Development and external validation of a predictive model for pathological complete response of rectal cancer patients including sequential PET-CT imaging

Ruud G. P. M. van Stiphout*, Guido Lammering, Jeroen Buijsen, Marco N. M. Janssen, Maria Antonietta Gambacorta, Pieter Slagmolen, Maarten Lambrecht, Domenico Rubello, Marcello Gava, Alessandro Giordano, Eric O. Postma, Karin Haustermans, Carlo Capirci, Vincenzo Valentini, Philippe Lambin

*Corresponding author for this work

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Purpose: To develop and validate an accurate predictive model and a nomogram for pathologic complete response (pCR) after chemoradiotherapy (CRT) for rectal cancer based on clinical and sequential PET-CT data. Accurate prediction could enable more individualised surgical approaches, including less extensive resection or even a wait-and-see policy. Methods and materials: Population based databases from 953 patients were collected from four different institutes and divided into three groups: clinical factors (training: 677 patients, validation: 85 patients), pre-CRT PET-CT (training: 114 patients, validation: 37 patients) and post-CRT PET-CT (training: 107 patients, validation: 55 patients). A pCR was defined as ypT0N0 reported by pathology after surgery. The data were analysed using a linear multivariate classification model (support vector machine), and the model's performance was evaluated using the area under the curve (AUC) of the receiver operating characteristic (ROC) curve. Results: The occurrence rate of pCR in the datasets was between 15% and 31%. The model based on clinical variables (AUC(train) = 0.61 +/- 0.03, AUC(validation) = 0.69 +/- 0.08) resulted in the following predictors: cT- and cN-stage and tumour length. Addition of pre-CRT PET data did not result in a significantly higher performance (AUC(train) = 0.68 +/- 0.08, AUC(validation) = 0.68 +/- 0.10) and revealed maximal radioactive isotope uptake (SUV(max)) and tumour location as extra predictors. The best model achieved was based on the addition of post-CRT PET-data (AUC(train) = 0.83 +/- 0.05, AUC(validation) = 0.86 +/- 0.05) and included the following predictors: tumour length, post-CRT SUV(max) and relative change of SUV(max). This model performed significantly better than the clinical model (p(train) <0.001, p(validation) = 0.056). Conclusions: The model and the nomogram developed based on clinical and sequential PET-CT data can accurately predict pCR, and can be used as a decision support tool for surgery after prospective validation.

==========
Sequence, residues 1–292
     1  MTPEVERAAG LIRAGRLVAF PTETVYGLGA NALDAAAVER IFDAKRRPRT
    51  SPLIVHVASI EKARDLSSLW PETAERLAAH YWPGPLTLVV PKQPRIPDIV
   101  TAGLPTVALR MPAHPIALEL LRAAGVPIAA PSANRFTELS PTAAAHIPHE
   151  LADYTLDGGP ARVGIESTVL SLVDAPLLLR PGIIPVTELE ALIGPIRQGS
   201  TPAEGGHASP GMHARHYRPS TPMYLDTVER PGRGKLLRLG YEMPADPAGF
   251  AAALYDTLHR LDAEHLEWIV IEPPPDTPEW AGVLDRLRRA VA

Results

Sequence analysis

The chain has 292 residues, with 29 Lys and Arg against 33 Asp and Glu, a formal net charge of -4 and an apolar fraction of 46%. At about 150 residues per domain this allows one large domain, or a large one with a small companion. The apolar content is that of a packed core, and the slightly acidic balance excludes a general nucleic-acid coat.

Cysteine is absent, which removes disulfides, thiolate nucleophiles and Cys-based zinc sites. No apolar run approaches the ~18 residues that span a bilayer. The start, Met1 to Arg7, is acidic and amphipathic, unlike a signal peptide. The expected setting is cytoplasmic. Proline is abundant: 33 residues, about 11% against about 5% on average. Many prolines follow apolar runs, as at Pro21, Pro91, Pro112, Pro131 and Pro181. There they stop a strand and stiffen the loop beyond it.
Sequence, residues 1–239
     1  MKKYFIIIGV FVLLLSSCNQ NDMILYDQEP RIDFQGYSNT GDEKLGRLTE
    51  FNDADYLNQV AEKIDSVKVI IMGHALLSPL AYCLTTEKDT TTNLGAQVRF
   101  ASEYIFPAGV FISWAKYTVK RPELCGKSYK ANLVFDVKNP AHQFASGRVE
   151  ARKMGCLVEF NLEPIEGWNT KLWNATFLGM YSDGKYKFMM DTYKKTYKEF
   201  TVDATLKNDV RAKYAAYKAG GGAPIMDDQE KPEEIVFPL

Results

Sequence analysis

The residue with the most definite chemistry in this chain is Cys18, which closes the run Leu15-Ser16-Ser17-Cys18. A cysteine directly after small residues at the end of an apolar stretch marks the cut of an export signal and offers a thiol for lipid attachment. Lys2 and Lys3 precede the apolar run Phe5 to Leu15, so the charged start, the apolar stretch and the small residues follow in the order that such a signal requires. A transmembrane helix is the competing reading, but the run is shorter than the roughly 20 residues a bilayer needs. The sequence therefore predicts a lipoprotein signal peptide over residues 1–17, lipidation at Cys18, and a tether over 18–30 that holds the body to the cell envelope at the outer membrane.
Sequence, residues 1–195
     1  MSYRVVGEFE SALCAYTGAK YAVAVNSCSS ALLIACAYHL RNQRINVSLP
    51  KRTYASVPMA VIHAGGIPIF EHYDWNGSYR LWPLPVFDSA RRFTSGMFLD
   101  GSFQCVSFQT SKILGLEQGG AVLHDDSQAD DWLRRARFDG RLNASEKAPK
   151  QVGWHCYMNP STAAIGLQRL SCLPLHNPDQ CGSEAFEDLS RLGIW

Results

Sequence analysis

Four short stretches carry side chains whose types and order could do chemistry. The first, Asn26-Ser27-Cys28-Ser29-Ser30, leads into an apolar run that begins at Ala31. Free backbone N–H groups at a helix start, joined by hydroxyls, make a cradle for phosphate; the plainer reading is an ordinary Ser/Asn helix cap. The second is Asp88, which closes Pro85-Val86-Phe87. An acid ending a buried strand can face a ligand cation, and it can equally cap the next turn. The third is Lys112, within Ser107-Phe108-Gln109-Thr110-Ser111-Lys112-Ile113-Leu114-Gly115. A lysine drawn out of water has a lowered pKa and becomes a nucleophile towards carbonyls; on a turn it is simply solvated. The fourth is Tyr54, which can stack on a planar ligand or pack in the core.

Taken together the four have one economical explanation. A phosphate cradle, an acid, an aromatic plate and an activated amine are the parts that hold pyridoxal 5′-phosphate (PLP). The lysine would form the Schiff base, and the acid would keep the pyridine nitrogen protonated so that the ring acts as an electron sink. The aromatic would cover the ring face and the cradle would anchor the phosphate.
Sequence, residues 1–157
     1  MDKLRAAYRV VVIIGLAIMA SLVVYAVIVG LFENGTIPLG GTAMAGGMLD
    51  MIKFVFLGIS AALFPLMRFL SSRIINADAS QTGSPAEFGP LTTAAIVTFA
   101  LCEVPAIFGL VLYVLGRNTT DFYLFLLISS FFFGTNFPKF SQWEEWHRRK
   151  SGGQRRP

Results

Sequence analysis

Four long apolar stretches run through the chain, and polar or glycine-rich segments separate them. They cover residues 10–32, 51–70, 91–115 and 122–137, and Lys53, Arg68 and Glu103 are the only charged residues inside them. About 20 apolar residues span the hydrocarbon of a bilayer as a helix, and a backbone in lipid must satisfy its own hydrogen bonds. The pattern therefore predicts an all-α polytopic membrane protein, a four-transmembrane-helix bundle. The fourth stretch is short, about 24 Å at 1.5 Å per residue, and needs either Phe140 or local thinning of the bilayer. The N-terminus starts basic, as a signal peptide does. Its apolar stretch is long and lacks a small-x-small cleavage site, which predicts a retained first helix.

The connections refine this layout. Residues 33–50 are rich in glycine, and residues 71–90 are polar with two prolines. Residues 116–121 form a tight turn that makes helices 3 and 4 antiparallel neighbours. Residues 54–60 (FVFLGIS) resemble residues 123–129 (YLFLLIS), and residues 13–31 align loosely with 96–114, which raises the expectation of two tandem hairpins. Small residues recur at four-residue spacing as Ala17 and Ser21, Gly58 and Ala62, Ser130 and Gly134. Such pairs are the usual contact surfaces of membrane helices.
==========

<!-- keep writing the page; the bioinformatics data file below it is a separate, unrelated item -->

Original languageEnglish
Pages (from-to)126-133
JournalRadiotherapy and Oncology
Issue number1
Publication statusPublished - Jan 2011


  • Response prediction
  • PET imaging
  • Machine learning
  • Rectal cancer
  • External validation

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